We do a lot of waiting at this time of year: in traffic, in lines to pay for purchases, at the Post Office mailing packages, to hear whether we will plunge off the fiscal cliff. We wait with anxiety, wondering how things can possibly come out right.
We also possibly spend a lot of time waiting to be faked out. After several months of watching the news avidly, I’ve mostly turned it off. I know what’s going to happen. No Republican will want to be the one who drove the family car of the United States over the fiscal cliff. No Democrat will want to be remembered that way either. They will reach an agreement, I predict, and it will be ugly and ungracious. I refuse to let them drive me off the anxiety cliff in the process, in service of a conspiracy — one I hope is unplanned, but who knows? — a conspiracy to keep us turning on the TV and buying the newspaper. What next? What next?
More of the same, I fear.
I grew up in a political family, wearing my father’s campaign buttons. (You can read more about him on Wikipedia.) Here’s a thing he understood and passed along to me: people have to work together to accomplish anything good for anyone. They may not agree on the specifics, but somewhere in the magnificent middle, they can figure out what’s best and what will work. When he had a problem with someone, he didn’t go on the news and say that person was a liar or a cheat or an idiot. He looked for another way around the disagreement.
In recent years, we’ve seen absolute brutality in national politics, with people publicly imputing the worst possible motives to their opponents. It’s a direct ticket to the edge of every kind of cliff, where a crowd gathers, waiting to see who will be pushed off first.
It’s as if we can no longer afford to give “the other side” the benefit of the doubt.
We’re seeing this in the hearings about Benghazi. One side assumes the worst about the other, and everyone is happy to go on TV and say so.
So what happens when we’ve been listening to discussions of inhumane tone, and then we need to have a conversation at church? I’ve watched it happen in churches I serve. In the United Church of Christ, my denomination, we have a designation for churches who declare their welcome to LGBT people. To become Open and Affirming, a church needs to have a study process first. I’ve seen it happen that a church can’t get to the process because the loudest voice “wins” by shutting down a conversation about talking about becoming Open and Affirming. Yes, I built in the apparent redundancy on purpose. The loudest voice shut down the possibility of talking about talking about doing the process.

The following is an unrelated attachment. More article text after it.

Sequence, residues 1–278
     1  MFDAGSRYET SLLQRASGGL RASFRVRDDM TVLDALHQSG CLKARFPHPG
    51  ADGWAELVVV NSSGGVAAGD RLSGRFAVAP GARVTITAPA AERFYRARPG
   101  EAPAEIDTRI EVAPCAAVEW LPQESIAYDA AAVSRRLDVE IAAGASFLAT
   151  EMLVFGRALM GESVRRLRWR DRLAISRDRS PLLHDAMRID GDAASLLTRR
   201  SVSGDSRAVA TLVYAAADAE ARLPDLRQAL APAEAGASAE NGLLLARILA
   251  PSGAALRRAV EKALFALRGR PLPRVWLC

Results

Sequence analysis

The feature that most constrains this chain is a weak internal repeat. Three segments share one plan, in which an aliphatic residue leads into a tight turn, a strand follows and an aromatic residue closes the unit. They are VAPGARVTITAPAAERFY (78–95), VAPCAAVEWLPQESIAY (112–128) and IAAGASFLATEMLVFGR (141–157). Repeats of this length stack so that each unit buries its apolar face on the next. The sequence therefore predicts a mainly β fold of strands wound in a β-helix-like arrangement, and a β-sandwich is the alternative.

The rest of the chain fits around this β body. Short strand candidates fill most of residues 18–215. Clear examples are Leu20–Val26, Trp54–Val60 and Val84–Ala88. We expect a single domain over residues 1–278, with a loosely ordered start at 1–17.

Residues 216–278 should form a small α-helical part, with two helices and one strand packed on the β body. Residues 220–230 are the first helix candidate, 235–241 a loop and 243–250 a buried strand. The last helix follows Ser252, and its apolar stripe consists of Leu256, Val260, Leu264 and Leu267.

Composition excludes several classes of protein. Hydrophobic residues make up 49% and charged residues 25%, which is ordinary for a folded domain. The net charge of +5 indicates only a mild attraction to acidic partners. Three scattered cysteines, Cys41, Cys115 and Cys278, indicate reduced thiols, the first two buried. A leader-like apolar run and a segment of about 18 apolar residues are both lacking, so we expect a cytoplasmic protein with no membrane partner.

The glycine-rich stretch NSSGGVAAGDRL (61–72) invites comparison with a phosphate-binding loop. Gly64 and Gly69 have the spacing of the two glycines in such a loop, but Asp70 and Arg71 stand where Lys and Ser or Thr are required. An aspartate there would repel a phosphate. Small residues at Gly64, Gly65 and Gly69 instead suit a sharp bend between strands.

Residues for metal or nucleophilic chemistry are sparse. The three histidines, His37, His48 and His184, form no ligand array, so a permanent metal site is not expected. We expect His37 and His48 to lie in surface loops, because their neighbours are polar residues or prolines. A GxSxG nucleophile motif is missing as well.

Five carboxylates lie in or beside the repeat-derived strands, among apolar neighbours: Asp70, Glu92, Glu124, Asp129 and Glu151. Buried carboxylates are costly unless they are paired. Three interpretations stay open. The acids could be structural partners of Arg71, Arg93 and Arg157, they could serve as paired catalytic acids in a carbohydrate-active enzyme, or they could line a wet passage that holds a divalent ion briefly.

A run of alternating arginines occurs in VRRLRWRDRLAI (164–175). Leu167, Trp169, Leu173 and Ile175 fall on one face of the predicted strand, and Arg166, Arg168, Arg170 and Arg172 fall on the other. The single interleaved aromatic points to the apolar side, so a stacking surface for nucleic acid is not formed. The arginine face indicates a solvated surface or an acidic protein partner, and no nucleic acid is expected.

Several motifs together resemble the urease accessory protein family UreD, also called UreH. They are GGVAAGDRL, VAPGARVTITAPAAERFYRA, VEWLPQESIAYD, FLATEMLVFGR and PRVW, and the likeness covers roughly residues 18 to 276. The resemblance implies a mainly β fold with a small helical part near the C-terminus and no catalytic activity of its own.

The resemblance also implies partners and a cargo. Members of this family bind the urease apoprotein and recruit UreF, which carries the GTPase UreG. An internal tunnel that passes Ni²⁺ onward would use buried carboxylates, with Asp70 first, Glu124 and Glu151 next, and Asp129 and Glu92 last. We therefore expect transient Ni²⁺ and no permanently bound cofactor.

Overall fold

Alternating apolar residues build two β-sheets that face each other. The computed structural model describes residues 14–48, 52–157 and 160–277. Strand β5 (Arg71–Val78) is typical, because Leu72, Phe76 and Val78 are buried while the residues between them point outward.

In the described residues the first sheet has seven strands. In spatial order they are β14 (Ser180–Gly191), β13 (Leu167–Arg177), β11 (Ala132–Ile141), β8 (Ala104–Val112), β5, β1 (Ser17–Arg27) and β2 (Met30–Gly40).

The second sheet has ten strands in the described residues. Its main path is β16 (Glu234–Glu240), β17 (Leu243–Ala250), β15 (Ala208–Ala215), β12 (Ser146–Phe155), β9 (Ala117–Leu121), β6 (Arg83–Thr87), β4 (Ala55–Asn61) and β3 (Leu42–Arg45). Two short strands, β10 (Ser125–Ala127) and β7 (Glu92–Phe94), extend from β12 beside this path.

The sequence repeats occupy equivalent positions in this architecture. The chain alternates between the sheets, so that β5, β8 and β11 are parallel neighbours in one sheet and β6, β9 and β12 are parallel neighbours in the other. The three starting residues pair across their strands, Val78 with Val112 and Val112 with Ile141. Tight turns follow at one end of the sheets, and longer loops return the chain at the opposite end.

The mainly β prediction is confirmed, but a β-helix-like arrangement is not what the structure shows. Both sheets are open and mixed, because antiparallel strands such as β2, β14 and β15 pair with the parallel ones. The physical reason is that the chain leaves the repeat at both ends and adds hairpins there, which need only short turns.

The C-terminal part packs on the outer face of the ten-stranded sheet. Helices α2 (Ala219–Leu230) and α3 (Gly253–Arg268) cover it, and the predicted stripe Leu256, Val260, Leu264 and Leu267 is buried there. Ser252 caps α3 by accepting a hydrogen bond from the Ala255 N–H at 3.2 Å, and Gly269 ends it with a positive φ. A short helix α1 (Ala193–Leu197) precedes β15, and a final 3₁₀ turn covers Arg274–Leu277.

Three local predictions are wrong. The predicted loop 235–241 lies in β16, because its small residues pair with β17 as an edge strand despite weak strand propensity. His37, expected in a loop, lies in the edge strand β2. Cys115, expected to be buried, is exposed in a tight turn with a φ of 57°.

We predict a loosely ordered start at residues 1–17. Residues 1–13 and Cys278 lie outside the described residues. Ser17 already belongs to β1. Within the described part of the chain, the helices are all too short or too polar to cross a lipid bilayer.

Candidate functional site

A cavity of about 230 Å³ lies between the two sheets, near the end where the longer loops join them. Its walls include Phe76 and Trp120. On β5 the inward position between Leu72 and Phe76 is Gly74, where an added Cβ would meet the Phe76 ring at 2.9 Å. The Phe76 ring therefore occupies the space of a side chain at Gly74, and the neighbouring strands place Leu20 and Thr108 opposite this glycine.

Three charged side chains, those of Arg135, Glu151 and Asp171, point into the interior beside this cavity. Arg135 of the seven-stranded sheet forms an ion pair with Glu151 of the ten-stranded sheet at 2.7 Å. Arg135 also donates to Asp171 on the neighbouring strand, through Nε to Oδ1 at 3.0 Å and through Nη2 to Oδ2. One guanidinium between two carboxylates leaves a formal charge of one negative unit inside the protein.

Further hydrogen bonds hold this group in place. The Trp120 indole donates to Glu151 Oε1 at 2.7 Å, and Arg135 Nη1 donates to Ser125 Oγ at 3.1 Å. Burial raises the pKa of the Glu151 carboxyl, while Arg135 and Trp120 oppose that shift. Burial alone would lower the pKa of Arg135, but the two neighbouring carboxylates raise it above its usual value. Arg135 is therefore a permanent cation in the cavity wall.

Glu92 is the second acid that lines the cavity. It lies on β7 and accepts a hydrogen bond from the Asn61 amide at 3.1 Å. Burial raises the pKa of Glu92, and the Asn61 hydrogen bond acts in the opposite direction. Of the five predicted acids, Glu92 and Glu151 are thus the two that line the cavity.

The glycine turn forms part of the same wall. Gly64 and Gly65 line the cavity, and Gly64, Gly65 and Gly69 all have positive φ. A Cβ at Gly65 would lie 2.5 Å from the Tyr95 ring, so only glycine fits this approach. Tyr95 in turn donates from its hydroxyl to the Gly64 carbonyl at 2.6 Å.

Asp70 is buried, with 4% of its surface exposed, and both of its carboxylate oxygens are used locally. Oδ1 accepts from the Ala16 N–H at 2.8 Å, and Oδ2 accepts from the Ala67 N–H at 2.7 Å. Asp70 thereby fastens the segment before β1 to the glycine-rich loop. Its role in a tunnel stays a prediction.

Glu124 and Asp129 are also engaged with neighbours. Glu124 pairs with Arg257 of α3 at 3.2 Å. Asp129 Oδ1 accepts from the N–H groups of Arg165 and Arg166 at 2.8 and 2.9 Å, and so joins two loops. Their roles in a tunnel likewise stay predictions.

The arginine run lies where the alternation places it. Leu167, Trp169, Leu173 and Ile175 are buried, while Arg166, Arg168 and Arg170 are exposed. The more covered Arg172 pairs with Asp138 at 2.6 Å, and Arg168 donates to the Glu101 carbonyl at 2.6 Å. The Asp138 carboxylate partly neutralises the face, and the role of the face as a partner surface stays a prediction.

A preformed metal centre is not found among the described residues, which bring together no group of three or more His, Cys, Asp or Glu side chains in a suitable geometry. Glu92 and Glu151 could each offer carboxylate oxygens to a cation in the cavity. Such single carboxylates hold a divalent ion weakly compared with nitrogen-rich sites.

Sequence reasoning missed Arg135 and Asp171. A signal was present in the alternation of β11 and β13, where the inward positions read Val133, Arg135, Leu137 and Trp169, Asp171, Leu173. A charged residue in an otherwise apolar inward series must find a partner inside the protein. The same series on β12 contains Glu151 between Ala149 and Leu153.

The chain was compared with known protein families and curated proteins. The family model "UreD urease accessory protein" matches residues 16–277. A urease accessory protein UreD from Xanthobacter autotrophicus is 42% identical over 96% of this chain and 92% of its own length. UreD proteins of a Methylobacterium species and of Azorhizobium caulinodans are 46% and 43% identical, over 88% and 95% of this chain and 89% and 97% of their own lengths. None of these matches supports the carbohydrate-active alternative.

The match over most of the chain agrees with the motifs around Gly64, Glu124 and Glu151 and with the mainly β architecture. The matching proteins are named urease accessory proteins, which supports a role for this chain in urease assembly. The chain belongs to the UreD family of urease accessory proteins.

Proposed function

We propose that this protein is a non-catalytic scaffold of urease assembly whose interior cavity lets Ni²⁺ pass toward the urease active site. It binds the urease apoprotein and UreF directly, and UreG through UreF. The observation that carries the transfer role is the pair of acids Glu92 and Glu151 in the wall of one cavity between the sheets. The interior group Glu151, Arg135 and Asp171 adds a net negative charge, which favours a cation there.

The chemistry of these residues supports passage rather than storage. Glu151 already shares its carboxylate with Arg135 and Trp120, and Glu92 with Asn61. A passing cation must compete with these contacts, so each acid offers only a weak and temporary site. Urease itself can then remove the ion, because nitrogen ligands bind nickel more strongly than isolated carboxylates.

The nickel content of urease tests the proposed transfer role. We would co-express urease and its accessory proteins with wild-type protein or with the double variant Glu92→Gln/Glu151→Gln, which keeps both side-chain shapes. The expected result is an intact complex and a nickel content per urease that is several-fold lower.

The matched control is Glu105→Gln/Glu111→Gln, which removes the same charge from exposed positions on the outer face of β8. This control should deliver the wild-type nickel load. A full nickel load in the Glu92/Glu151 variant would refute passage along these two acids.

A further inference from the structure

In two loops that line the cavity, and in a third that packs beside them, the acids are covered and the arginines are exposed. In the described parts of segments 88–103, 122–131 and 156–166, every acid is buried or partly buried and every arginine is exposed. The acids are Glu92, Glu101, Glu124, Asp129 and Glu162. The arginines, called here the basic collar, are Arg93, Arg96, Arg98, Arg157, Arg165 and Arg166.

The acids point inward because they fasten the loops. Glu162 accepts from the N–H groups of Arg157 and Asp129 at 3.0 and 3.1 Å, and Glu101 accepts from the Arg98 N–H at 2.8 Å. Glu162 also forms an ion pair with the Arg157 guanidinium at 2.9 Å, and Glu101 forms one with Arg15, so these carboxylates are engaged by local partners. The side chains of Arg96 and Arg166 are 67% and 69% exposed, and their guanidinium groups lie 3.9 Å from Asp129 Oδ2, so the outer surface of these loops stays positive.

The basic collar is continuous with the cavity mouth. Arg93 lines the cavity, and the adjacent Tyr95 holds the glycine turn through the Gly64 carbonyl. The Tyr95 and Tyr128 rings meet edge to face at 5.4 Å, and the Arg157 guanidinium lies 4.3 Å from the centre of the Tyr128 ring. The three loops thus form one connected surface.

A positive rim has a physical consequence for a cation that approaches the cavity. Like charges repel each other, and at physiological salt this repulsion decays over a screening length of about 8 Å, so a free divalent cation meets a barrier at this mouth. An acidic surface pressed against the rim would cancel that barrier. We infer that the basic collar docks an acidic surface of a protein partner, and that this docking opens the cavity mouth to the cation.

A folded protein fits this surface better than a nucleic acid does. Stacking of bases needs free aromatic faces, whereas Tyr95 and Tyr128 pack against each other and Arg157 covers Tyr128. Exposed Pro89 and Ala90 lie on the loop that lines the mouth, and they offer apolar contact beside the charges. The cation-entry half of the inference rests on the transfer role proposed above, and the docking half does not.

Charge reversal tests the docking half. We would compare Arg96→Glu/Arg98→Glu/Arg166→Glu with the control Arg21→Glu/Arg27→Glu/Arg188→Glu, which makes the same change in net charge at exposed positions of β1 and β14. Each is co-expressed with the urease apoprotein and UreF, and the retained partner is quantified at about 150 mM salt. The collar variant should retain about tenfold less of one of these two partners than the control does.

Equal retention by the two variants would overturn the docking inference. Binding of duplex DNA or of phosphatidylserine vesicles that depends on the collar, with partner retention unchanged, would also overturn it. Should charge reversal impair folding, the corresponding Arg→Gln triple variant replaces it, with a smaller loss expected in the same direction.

We don’t know how to disagree without getting into a fight, because that’s all we see portrayed before us. We shut down to avoid the conflict. We tell ourselves there will be a better time later, sometime in the future.
What are we waiting for?
How long, O Lord, how long?
I want to tell you I’ve been willing to show courage and take on tough issues, but I’m not good at it. I get wound up. My heart beats uncomfortably hard and fast. It’s one thing to disagree where there is trust and love. It’s another thing to do it in the face of hostility. How sad is it that the place I’m afraid to face disagreement is the church, a place where we expect to have love and trust?
We end up waiting things out, clinging to the edges of community where the like-minded people also situate themselves. It’s true for most of us, at either end of the spectrum.
Somewhere in the middle is a place, maybe, where that same most of us, maybe, can muddle through the differences of belief and understanding together. I don’t mean doing it the way the politicians will to avoid the famous cliff; I’m not speaking of expediency followed by diatribes. Making our way to that muddled middle requires tuning out the extreme voices, the ones spewing anger as a weapon. In politics, turn them off. Don’t vote for them. Easy enough. On the internet, on your blog, on mine, ignore the comments.
But in church it’s harder. The same voice that was loudest, closing off discussion, may be the voice of the person who needs you to visit a dying mother in the hospital. The same voice that was loudest, raising the blood pressure of everyone else in the room, may be the voice of the person who works all day to cook a meal for the hungry. That same voice that was the loudest, making you wonder if you might lose your job if the conversation didn’t stop right there, may be the voice of the person saying “Thanks be to God” when you offer the bread and the cup.
You can’t change that channel.
You can only change yourself.
(Yes, that means me, too.)
I’ve been waiting for it to be easy, but I can’t wait anymore. In the muddled middle, I’m trying to practice saying what I believe matter-of-factly, kindly and openly. I’m trying not to be apologetic or aggressive. I’m trying not to wait anymore and speak the words God is calling out of me, the words God is calling me to say.
I’m trying to trust God in the middle of it.
What are you waiting for?
The Reverend Martha Spong is a United Church of Christ minister living in Portland, Maine, and a Contributing Editor to There is Power in the Blog for the First Person Politics series. She blogs at Reflectionary and can often be found around RevGalBlogPals, too.